Texas

‘Keep the door open’: former land commissioner George W. Bush on his political future

Austin. Former Texas Land Commissioner George P. Bush said Wednesday he is “keeping the door open” for a return to politics in his first interview since leaving office a few weeks ago.

Bush, grandson of one president and nephew of another, announced he was joining the national law firm of Michael Best & Friedrich LLP. The son of former Florida Gov. Jeb Bush, he said he had several opportunities after two terms as land commissioner.

But his hopes of climbing the political ladder ended in May when he lost to Attorney General Ken Paxton in the Republican runoff 68-32. Paxton won a third term in November, R Lakeway state senator Don Buckingham was elected as Bush’s successor, leaving many to wonder if the Bush political dynasty is over.

But Bush doesn’t think so.

“Losing all over the state, I realized that it was all about timing, and so last summer was not the right time,” he said in an interview with Zoom on Wednesday. “But who said that at the age of 46, that in a few years or in the future there will be no other possibility?”

Bush will continue to live in Austin, he said, and the firm’s press release said he would “support the firm’s corporate, litigation, and advisory practices in Texas.”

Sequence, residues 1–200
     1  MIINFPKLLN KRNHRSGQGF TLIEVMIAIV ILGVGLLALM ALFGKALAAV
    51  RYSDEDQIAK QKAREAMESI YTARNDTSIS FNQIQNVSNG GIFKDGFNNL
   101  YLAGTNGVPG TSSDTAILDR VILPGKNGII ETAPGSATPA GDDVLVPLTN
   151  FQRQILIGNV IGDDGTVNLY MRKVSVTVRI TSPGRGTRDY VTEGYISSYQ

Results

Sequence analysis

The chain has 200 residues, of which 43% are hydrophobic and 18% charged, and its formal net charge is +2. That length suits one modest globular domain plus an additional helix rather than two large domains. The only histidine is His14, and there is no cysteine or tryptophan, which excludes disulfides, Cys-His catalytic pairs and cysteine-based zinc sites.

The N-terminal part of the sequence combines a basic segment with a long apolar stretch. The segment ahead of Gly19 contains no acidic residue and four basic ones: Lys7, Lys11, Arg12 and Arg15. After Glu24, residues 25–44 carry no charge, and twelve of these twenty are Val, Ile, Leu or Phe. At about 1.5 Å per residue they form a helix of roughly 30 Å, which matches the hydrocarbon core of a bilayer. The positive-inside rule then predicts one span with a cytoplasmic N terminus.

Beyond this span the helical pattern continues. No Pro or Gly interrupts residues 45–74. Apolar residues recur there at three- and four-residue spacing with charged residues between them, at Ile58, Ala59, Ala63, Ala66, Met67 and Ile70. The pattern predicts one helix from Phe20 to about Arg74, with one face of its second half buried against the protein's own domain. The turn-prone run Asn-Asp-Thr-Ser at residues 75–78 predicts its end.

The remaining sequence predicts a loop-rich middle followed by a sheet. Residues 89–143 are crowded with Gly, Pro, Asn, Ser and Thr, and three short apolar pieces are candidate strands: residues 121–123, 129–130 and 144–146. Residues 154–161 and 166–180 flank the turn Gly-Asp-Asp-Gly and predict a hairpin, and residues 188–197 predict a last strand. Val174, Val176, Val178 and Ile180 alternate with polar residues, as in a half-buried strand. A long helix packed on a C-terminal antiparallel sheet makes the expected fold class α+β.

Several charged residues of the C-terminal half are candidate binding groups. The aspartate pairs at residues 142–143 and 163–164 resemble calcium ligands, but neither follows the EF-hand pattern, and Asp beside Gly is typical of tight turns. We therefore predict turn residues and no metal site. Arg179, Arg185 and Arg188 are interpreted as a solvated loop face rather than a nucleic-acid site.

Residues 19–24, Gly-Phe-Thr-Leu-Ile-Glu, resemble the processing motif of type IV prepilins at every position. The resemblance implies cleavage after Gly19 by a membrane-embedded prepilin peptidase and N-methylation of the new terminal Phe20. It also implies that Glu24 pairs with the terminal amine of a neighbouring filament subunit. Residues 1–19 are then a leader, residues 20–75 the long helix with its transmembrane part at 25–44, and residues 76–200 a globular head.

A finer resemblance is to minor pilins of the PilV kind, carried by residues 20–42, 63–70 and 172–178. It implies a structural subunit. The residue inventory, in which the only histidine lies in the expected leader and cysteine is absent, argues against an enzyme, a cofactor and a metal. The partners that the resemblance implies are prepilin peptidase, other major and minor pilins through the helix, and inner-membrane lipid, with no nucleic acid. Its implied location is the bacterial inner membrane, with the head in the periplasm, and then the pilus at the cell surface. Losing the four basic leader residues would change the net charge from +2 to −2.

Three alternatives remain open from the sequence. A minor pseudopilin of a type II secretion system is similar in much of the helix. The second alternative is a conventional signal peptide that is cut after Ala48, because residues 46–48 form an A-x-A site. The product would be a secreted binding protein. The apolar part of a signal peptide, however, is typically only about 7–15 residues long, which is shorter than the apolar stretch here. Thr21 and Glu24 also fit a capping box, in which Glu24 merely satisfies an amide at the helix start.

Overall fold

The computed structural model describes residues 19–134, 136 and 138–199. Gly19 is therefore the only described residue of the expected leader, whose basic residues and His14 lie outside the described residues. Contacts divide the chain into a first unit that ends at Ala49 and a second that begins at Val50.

Shortly after he was elected land commissioner, many wondered if Bush would be the next member of the family destined for a higher position. His middle name belongs to his great-grandfather Prescott Bush, who was a US Senator from 1952 to 1963. Prescott Bush, a former US Senator from Connecticut, was the family’s patriarch.

Bush did what no one else in his family did: win his first race for office.

“And then, of course, after losing, they rubbed it in and reminded me that I, like every other Bush, lost at least one race,” Bush said.

He believes that he still has a place in the conservative movement. Bush said that in conversations with voters, many tell him that they are tired of the internal party struggle.

“They are tired of the revisionist, convoluted politics that are being played out not only between both parties, but within our own party, and that in order to do better in the elections, we will simply have to work as a team,” Bush said. “And so I think as we get closer to 2024, it will be important that this theme of unity come together at all levels.”

What about Donald Trump? Will he support him again when he runs for president in 2024?

“I am for the candidate who wins the nomination,” he said. “I am a free agent. I’ve been a lifelong conservative, a lifelong Republican, and I really think it’s time for us to openly discuss the ideas and the future of the party.”

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